End-of-Life The Role of Standards for Biodegradable Plastics by Francesco Degli Innocenti Novamont S.p.A. Novara, Italy Board member European Bioplastics Standardisation plays a crucial role for bioplastics. Biodegradability, bio-based content, carbon-footprint etc. cannot be noted directly by consumers. However, the commercial success of these products rests precisely on claims of this kind. In order to guarantee market transparency, normative instruments are needed to link declarations, which are used as advertising messages, and the actual characteristics and benefits of the products. Standards are necessary to consumers, companies competing on the market, as well as public authorities. Standardisation is not science. In some debates these two sectors become dangerously confused. Science aims to find, describe, and correlate phenomena, independent of the time scale and their actual importance to daily life. Standardisation seeks to instil order and find technical solutions to specific practical problems with a social, political and scientific consensus. The question of biodegradability is complex and can give rise to significant debates. Key point is time scale. At academic level even traditional ‘non-biodegradable’ plastics can be shown to biodegrade, over a very long period of time. However, such biodegradation rates are clearly unsuited to the needs of society. Biodegradable materials are an attempt to find solutions to a problem of our society: waste. Waste is produced at a very high rate and therefore the disposal rate must be comparable, in order to avoid accumulation. Incineration is widely adopted precisely because it is a fast process. There would be no interest in a hypothetical ‘slow combustion’ incinerator because waste does not wait, and quickly builds up. The same principle applies to biodegradation, which must be fast in order to be useful. All photos: Novamont Harmonised Standard EN 13432 The origin and regulatory framework Only packaging materials that meet the so-called ‘essential requirements’ specified under the European Directive on Packaging and Packaging Waste (94/62/ EC) can be placed on the market in Europe. The verification of conformity to such requirements is entrusted to the application of the harmonised European standards prepared by the European Committee for Standardisation (CEN), following the principles of the so-called ‘new approach’ [1]. European lawmakers specified their intentions regarding organic recycling (“the aerobic (composting) or anaerobic (biomethanization) treatment, under controlled conditions and using micro-organisms, of the biodegradable parts of packaging waste, which produces stabilized organic residues and methane. Landfill shall not be considered a form of organic recycling.”) albeit in a somewhat convoluted manner, in Annex II to the Directive, when they provide the definitions of essential requirements. CEN was appointed to draw up “the standard intended to give presumption of conformity with essential requirements for packaging recoverable in the form of composting or biodegradation” in line with ‘Annex II § 3, (c) Packaging recoverable in the form of composting and (d) Biodegradable packaging’ of the Directive. The outcome was standard EN 13432 ‘Requirements for packaging recoverable through composting and biodegradation - Test scheme and evaluation criteria for the final acceptance of packaging’. It is interesting to remark that composting, biodegradation and organic recycling are used synonymously when applied to packaging. 36 bioplastics MAGAZINE [04/11] Vol. 6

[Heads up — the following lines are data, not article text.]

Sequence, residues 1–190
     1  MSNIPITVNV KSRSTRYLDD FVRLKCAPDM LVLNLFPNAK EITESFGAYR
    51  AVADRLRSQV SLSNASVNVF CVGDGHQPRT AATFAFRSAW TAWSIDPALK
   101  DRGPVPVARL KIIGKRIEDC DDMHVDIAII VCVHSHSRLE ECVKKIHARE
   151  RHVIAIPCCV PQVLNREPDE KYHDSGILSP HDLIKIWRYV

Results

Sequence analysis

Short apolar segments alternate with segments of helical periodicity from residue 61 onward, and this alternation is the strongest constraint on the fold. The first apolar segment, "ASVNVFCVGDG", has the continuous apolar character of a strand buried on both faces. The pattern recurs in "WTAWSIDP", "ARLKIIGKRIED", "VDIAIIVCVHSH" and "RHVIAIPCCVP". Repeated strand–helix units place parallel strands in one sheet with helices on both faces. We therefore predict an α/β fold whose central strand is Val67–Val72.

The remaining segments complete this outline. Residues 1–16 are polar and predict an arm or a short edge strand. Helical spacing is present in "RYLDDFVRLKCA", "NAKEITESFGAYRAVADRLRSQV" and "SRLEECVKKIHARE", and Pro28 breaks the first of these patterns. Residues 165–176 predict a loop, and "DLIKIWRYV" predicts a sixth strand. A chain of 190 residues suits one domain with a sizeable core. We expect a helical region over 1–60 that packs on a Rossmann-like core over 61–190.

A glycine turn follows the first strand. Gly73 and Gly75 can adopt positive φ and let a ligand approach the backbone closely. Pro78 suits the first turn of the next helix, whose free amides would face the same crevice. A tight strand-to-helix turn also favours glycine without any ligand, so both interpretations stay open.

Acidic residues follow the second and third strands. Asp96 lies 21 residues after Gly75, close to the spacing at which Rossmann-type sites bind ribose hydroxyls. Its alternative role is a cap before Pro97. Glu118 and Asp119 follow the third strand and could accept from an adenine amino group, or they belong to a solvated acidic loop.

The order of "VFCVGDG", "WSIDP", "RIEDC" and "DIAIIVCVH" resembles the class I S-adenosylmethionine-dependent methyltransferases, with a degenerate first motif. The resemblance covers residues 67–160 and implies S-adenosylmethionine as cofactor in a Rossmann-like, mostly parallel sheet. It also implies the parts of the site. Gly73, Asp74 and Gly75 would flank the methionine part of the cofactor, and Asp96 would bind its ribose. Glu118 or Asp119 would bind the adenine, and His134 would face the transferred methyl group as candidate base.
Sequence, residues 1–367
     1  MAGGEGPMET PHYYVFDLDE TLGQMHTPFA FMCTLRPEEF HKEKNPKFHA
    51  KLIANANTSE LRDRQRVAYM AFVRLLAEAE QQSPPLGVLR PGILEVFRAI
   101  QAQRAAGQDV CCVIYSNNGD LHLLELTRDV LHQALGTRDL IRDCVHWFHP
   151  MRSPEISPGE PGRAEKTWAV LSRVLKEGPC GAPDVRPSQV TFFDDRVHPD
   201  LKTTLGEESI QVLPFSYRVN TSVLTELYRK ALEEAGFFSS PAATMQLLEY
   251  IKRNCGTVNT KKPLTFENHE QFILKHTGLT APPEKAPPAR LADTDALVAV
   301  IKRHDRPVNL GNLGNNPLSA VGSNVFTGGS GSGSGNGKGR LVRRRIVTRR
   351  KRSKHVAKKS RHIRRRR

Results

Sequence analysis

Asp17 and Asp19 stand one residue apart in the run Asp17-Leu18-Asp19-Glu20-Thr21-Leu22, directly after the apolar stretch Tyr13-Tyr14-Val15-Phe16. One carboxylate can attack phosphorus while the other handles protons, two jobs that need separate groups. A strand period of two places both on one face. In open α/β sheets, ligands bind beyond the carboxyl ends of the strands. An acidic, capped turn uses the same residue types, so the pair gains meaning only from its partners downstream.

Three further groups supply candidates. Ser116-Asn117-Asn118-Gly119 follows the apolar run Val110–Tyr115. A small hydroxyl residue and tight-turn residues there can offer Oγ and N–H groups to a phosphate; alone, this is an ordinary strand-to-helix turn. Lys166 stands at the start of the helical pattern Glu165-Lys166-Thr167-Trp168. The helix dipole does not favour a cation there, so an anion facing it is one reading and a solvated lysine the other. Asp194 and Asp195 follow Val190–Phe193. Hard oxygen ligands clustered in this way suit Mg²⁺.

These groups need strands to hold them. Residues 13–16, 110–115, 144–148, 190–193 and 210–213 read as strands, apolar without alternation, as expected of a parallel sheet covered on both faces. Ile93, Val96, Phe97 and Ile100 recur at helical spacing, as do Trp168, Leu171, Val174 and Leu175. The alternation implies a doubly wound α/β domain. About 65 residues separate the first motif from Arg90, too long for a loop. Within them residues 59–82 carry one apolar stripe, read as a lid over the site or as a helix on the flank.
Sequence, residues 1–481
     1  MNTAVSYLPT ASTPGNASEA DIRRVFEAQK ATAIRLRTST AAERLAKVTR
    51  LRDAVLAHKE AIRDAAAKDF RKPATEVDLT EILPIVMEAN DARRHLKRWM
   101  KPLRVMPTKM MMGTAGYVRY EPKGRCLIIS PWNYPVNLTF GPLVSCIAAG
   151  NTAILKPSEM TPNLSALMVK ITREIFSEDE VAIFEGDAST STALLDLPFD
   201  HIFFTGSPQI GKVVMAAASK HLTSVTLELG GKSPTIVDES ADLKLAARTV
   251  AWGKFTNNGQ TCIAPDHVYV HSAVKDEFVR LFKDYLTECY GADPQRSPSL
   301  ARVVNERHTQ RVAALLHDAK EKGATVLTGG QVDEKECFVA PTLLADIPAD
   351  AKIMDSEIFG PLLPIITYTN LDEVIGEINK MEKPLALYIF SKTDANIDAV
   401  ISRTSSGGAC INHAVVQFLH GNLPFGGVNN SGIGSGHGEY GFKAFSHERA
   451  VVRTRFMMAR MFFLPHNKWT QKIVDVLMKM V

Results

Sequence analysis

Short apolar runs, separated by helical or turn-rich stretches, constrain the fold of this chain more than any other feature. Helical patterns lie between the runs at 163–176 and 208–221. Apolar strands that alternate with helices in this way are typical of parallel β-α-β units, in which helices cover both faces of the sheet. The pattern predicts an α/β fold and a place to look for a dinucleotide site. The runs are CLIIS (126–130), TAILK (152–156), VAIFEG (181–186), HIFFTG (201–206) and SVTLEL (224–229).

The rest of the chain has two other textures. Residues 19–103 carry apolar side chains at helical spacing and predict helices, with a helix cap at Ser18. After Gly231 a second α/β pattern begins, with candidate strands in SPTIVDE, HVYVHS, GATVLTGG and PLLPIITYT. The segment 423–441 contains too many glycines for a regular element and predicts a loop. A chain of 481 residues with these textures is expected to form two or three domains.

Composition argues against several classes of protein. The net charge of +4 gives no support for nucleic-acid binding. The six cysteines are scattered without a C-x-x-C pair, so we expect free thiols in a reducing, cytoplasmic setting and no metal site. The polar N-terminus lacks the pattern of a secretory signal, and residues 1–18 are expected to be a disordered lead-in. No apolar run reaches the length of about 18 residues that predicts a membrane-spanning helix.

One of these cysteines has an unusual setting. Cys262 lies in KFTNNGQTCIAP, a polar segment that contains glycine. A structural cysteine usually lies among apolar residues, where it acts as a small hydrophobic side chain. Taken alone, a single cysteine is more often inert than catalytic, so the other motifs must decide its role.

End-of-Life Requirements ‘Biodegradable-compostable’ packaging must have the following characteristics: • Biodegradability, namely microbial conversion into CO 2 . Test method: ISO 14855. Minimum level: 90%. Duration: less than 6 months. This high CO 2 conversion level must not be taken as an indication that organic recycling is a sort of ‘cold incineration’ which therefore does not contribute to the formation of compost. Under real conditions the process would also produce substantially more biomass (compost). Another question: why 90% rather than 100%? Does this leave a residue of the remaining 10%? The answer is that experimental factors and the formation of biomass make it hard to reach 100% accurately; this is why the limit of acceptability was established at 90% rather than 100%. • Disintegratability, namely fragmentation and invisibility in the final compost. Test method: EN 14045/ ISO 16929. Samples of test materials are composted together with organic waste for 3 months. The mass of test material residue larger than 2 mm must be less than 10% of the initial mass. • Levels of heavy metals below pre-defined maximum limits and absence of negative effects on composting process and compost quality. Test method: a modified OECD 208 and other analytical tests. Each of these points is necessary for compostability, but individually they are not sufficient. Limits ‘Home composting’ namely the treatment of grass cuttings and material from the pruning of plants, is out of the scope. Home composting takes place at low temperatures and may not always operate under optimal conditions. The characteristics defined by Standard EN 13432 do not ensure that packaging added to a home composter would compost satisfactorily and in line with the user’s expectations. Use Standard EN 13432 has been fully applied in Europe also in the certification sector. It recently became of great importance in Italy with the entry into force of the ban on the sale of non-biodegradable carrier bags on 1 January 2011. Indeed, the law establishes the ban on bags that are not biodegradable according to criteria established by Community laws and technical rules approved at a Community level. The term ‘biodegradable’ has led to a number of debates owing to the clear commercial implications arising out of the interpretation of this term. It is true that from an academic perspective ‘biodegradability’ is a different concept from ‘compostability’ and ‘organic recycling’ (biodegradability is necessary but not sufficient in itself for compostability). However, the legal reference in Europe for packaging (and carrier bags are packaging) must be the Directive that in fact considers biodegradability as the necessary characteristic for the biological recovery of packaging (organic recycling), as noted above. It is therefore through the application of harmonised European standard EN 13432, in light of the definitions of the Packaging Directive, that we can differentiate between biodegradable packaging (which can therefore be recovered by means of organic recycling) and non-biodegradable packaging. It should be noted that harmonised standards (such as EN 13432) are voluntary. However, companies that place packaging on the market which uses harmonised standards already enjoy presumed conformity. If the manufacturer chooses not to follow a harmonised standard, he has the obligation to prove that his products are in conformity with essential requirements by the use of other means of his own choice (other technical specifications). Alternatives to the EN 13432 are described in the next section, even if, as noted, they do not automatically grant the presumption of conformity. bioplastics MAGAZINE [04/11] Vol. 6 37